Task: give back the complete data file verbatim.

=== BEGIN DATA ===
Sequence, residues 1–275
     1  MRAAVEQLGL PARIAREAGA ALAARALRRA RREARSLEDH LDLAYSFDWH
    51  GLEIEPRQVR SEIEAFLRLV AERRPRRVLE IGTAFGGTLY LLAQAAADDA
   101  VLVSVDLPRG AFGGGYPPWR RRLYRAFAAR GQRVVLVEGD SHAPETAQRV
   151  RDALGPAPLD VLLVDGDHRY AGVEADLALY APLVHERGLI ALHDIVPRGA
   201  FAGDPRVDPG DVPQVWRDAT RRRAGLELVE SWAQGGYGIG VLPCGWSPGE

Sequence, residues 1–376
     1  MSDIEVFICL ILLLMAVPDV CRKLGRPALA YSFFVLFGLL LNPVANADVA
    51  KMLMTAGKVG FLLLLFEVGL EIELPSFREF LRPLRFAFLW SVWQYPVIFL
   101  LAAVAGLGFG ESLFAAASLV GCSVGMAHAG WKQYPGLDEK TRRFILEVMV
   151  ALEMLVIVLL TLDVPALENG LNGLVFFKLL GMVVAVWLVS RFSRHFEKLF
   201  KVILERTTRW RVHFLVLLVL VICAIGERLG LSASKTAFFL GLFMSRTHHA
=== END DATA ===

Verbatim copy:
Sequence, residues 1–275
     1  MRAAVEQLGL PARIAREAGA ALAARALRRA RREARSLEDH LDLAYSFDWH
    51  GLEIEPRQVR SEIEAFLRLV AERRPRRVLE IGTAFGGTLY LLAQAAADDA
   101  VLVSVDLPRG AFGGGYPPWR RRLYRAFAAR GQRVVLVEGD SHAPETAQRV
   151  RDALGPAPLD VLLVDGDHRY AGVEADLALY APLVHERGLI ALHDIVPRGA
   201  FAGDPRVDPG DVPQVWRDAT RRRAGLELVE SWAQGGYGIG VLPCGWSPGE

Sequence, residues 1–376
     1  MSDIEVFICL ILLLMAVPDV CRKLGRPALA YSFFVLFGLL LNPVANADVA
    51  KMLMTAGKVG FLLLLFEVGL EIELPSFREF LRPLRFAFLW SVWQYPVIFL
   101  LAAVAGLGFG ESLFAAASLV GCSVGMAHAG WKQYPGLDEK TRRFILEVMV
   151  ALEMLVIVLL TLDVPALENG LNGLVFFKLL GMVVAVWLVS RFSRHFEKLF
   201  KVILERTTRW RVHFLVLLVL VICAIGERLG LSASKTAFFL GLFMSRTHHA